It has been awhile since I’ve worked in an office, but I still remember the people that I truly loved working with. And fortunately for me, I’m still friends with a large number of those amazing people.
It’s not easy becoming the co-worker that everyone loves. There are so many landmines to avoid when you’re in the workplace, and being “the co-worker that people love to hate” is not the title that you want to wear at work. Let’s talk about all of the ways you can get your co-workers to love you without becoming the office brown-noser.
Always remember to respect other people’s time.
You don’t have to watch the clock obsessively, but be aware that people notice when you’re constantly late for work, meetings, or keep them waiting in general. After a while it stops being funny and just makes you look like a douche and unprofessional. And, seriously, those are two labels you want to avoid at work.
It doesn’t matter if you run constantly late for everything and everyone else in your life (even though it’s still annoying). Be self-aware enough to know that disrespecting other people’s time will ultimately make them dislike working with you.
Create a plan so that you’re on time and stick to it.
Can you hear me now?
Practice active listening whenever you’re in a conversation or meeting with your colleagues. I remember being constantly frustrated because I felt like people weren’t listening to me.
We would have discussions in one of the endless meetings that could have been an email. I would pipe up to make a point and then people would talk over me or ignore what I said – all the time. They clearly weren’t listening to me. It was so annoying and I felt disrespected.
Be the person who truly listens to others. We notice when you do. Offer thoughtful and kind responses to whatever proposals or questions that your colleague brings up. If you’re in disagreement with their comments, be kind when offering point of view.
It sometimes feels like people have forgotten the art of being tactful. At work, it still reigns supreme.
Don’t eat other people’s food.
They always find out who does it.
I’ll never forget the drama that ensued one year because one of our colleagues kept eating everyone’s lunches. I worked in education so it was normal for everyone to bring their lunch. We also had a ton of community food for everyone to take if they were hungry. So it baffled me when this person would eat the food that other people brought…but, they did. On and off for a year.
The worst part…it was just too awkward to call this person out. Instead, everyone gossiped about the fact that they were eating everyone else’s food. That person even helped themselves to my Perrier and that was the end for me. Fortunately, this person left and things got back to to normal.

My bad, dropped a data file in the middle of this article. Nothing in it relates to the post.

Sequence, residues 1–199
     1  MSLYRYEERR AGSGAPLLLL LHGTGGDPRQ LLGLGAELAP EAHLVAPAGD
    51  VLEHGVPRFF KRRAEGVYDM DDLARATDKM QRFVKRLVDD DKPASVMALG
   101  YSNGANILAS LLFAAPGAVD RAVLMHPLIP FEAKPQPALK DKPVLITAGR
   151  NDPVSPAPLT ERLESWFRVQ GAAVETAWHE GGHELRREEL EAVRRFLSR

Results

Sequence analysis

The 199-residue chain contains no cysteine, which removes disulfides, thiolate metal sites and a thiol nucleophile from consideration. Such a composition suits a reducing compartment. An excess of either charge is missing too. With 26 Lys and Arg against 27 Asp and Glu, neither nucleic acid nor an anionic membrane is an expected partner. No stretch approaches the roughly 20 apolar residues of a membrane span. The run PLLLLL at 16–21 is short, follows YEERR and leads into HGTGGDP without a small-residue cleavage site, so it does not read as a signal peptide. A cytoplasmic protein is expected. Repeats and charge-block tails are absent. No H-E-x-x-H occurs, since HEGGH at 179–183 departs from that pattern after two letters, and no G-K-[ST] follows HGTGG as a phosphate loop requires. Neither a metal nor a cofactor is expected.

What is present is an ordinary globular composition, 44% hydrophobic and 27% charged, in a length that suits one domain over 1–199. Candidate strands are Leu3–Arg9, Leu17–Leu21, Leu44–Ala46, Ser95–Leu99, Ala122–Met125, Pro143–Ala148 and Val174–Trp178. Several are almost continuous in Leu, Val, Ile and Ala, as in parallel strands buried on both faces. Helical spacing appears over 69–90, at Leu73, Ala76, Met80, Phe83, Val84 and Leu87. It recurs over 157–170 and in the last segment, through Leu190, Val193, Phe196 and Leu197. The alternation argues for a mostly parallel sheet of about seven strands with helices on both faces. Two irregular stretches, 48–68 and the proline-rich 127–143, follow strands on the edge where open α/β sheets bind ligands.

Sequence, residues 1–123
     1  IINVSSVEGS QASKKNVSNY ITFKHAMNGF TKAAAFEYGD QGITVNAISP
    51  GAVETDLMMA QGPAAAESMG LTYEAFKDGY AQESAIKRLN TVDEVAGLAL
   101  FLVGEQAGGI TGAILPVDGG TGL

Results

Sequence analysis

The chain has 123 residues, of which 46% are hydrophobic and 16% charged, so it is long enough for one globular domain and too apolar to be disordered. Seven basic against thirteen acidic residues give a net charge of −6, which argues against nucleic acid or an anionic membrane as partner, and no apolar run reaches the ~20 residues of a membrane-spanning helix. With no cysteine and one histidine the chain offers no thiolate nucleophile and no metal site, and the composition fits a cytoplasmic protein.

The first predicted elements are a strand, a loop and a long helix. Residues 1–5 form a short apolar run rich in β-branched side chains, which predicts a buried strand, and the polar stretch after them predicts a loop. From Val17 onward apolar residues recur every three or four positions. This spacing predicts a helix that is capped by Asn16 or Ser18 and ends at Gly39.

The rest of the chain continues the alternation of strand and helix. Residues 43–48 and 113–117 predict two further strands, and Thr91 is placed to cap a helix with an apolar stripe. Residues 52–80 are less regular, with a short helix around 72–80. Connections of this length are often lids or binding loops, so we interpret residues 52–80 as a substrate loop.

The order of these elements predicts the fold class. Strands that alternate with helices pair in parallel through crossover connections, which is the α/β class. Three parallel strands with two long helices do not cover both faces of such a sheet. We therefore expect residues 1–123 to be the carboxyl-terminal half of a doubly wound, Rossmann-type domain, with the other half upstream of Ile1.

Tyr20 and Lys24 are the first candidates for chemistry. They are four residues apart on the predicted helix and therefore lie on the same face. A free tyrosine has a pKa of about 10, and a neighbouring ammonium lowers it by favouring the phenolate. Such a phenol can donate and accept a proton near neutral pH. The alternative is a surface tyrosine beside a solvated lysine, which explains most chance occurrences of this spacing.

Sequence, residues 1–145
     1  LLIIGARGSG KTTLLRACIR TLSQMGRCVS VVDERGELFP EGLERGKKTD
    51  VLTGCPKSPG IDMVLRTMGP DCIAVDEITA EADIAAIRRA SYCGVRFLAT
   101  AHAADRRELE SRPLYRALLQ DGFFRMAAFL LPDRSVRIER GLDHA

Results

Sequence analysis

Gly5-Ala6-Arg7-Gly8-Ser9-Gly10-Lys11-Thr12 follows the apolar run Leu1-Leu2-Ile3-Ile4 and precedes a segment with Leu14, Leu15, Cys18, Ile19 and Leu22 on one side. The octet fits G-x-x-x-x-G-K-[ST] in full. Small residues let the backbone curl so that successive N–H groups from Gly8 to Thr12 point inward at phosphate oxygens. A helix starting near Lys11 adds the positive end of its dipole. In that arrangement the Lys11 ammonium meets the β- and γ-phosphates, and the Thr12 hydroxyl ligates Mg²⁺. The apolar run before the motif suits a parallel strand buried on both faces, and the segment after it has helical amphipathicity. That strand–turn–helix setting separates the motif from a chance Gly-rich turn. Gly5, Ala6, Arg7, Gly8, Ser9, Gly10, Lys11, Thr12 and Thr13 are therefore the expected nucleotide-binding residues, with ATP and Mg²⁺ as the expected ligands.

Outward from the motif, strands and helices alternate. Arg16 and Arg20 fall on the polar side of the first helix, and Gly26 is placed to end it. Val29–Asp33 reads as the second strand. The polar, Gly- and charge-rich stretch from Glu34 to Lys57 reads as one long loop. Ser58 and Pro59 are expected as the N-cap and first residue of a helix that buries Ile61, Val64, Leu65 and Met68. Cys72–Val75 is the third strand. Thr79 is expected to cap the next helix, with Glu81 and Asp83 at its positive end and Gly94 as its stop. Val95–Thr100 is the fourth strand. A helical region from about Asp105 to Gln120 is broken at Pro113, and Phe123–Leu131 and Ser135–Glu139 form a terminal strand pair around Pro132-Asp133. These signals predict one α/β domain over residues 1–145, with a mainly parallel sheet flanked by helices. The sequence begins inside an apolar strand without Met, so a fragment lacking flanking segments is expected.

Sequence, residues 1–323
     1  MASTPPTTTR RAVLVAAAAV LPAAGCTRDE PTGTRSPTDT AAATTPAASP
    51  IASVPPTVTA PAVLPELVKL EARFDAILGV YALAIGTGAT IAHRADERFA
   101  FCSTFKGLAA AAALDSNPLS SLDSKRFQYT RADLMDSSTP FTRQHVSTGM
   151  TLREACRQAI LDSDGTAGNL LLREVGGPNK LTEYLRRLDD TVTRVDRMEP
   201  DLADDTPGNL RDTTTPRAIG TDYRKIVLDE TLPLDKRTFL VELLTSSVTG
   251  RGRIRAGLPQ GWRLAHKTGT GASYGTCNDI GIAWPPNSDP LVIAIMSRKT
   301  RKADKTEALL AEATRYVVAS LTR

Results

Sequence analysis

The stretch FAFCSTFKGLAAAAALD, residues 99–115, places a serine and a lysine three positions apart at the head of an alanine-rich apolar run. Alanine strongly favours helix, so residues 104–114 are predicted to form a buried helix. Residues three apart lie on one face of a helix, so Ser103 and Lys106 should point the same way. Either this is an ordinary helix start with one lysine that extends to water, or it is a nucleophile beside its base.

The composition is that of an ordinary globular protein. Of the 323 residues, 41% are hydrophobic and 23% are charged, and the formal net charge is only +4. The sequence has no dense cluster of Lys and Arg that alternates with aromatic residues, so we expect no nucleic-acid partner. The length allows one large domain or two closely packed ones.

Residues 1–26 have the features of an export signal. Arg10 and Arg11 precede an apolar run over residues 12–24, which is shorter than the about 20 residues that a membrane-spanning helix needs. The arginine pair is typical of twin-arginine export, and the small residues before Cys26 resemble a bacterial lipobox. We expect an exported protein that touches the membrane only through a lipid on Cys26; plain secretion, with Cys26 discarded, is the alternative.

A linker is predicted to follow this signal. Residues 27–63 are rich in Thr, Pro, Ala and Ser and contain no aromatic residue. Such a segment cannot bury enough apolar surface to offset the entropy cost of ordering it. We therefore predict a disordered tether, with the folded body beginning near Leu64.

If you have nothing nice to say…
Gossiping will also get you shanked professionally. The thing about gossip is that even if you’re telling the truth about a person or calling out a situation, if you’re constantly gossiping, people will wonder what you say about them when they’re not around.
I have a very firm policy of whatever I say – I will say to your face. It makes life easier. But, at work you really should avoid gossip in general. If you find yourself in a group of people and they start gossiping just float away and say you have something else to do. If you still find yourself sucked in, just joke and say that you’ve got nothing to say and move on.
Know which topics are off limits.
For the love of all that’s holy-be self-aware enough to avoid talking about how young or old you or your colleagues might be. For some people it could come across as talking down to others (if you’re older) or, it could be perceived as disparaging other people’s age if they are older than you.
I’ve literally cringed when people begin talking about age at work. Just do your job and move on.
It feels like it’s obvious but for the sake of just stating the obvious-avoid talking about religion, race, or politics as much as you possibly can. Discussing any of those topics almost never ends well.
At my old job we actually were able to talk about these issues because we were all almost of the same mindset regarding all of those issues. But the typical workplace won’t have that high a level of value alignment. Leave the talk at home for people who have no choice but to listen to you.
By no means am I saying that you have to stop being yourself, never say what you mean, or pretend like you don’t have an opinion. But, what I am saying is that the self-aware worker is the one who is well-liked, listened to, and promoted in the office space.
Be that guy or gal. It’s not that hard.
Do you have any other tips for being a good co-worker? Or any stories about bad ones? Let us know in the #Adulting Facebook community.